Convergence theory explains the lack of choice in Australian politics
Reilly, B. (2015) Convergence theory explains the lack of choice in Australian politics. The Conversation, 19 May 2015 .
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Economists disappointed by last week’s desultory federal budget and Bill Shorten’s “me too” reply may get some satisfaction by talking to their political science colleagues. For one of the most venerable scholarly theories of Australian politics appears to be making a comeback.
The “convergence thesis” – which holds that the main Australian political parties will, over time, converge upon near-identical policy positions on most issues – was on full display last week.
The Coalition government did a convincing job of producing a Labor budget, with some sops to small business, while the opposition did its best to promise more of the same, unfunded. Credible plans for a balanced budget and the much more demanding task of intergenerational equity were studiously ignored by both sides.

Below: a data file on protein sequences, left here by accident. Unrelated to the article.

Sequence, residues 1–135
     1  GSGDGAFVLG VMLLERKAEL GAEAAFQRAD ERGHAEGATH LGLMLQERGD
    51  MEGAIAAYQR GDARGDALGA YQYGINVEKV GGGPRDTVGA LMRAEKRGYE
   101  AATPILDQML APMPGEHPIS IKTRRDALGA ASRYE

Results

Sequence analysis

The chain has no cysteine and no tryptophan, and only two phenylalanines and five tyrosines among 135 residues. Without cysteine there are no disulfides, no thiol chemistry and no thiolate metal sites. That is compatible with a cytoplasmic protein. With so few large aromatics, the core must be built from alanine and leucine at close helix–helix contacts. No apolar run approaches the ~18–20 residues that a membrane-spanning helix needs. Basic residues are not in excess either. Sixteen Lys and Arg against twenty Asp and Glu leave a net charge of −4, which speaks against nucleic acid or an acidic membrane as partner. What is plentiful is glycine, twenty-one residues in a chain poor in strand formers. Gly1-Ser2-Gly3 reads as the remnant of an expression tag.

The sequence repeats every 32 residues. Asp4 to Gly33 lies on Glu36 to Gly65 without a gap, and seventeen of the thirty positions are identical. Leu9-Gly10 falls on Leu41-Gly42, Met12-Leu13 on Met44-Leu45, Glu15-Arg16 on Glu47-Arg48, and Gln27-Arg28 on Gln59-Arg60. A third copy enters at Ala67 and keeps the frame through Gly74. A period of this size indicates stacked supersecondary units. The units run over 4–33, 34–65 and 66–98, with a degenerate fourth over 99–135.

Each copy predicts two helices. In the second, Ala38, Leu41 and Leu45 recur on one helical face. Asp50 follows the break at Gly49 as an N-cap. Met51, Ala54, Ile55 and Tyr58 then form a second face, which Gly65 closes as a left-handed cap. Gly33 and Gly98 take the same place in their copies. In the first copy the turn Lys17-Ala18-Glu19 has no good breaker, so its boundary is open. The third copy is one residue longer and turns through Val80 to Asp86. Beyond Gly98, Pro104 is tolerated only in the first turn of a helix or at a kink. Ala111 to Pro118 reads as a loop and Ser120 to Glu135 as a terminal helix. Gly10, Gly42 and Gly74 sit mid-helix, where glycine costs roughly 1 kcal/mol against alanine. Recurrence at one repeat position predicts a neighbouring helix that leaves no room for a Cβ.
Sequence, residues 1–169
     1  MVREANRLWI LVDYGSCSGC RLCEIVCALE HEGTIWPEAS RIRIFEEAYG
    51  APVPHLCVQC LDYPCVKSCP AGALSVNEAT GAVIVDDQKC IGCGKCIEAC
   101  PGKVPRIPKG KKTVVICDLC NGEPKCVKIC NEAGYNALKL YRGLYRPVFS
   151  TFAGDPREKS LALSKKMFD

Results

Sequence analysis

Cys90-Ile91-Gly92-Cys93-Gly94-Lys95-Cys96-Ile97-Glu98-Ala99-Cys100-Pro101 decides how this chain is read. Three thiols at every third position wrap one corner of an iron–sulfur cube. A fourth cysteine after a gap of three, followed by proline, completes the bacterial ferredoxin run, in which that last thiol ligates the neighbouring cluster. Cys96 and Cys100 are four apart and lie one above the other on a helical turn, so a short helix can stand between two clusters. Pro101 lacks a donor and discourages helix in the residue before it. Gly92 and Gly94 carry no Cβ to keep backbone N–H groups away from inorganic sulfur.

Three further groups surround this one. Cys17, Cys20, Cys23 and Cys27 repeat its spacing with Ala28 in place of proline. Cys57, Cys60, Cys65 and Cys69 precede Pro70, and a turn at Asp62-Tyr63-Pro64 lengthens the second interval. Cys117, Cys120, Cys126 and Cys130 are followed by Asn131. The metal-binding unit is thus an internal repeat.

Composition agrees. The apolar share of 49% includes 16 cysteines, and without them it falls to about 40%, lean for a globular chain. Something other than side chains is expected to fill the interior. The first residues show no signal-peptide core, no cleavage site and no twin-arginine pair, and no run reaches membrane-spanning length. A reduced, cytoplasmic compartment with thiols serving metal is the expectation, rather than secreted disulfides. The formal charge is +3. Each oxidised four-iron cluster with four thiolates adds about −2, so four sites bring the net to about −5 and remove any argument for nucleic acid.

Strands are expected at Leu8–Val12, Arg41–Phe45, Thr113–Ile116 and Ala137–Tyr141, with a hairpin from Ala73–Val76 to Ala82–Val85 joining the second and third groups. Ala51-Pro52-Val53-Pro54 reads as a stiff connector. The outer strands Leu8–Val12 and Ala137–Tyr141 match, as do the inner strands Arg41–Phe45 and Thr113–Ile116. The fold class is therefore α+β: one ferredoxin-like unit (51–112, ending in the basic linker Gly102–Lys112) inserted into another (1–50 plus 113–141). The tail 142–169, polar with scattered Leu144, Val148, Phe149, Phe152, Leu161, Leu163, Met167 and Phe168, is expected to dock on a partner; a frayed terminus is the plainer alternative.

Media commentators often see this as the failings of our “political class” to step up to the challenges of leadership, and there is definitely some truth to that.
But there are underlying systemic pressures towards convergence that are particularly strong in Australia.
|Publication Type:||Non-refereed Article|
|Murdoch Affiliation:||Sir Walter Murdoch School of Public Policy and International Affairs|
|Publisher:||The Conversation Media Group|
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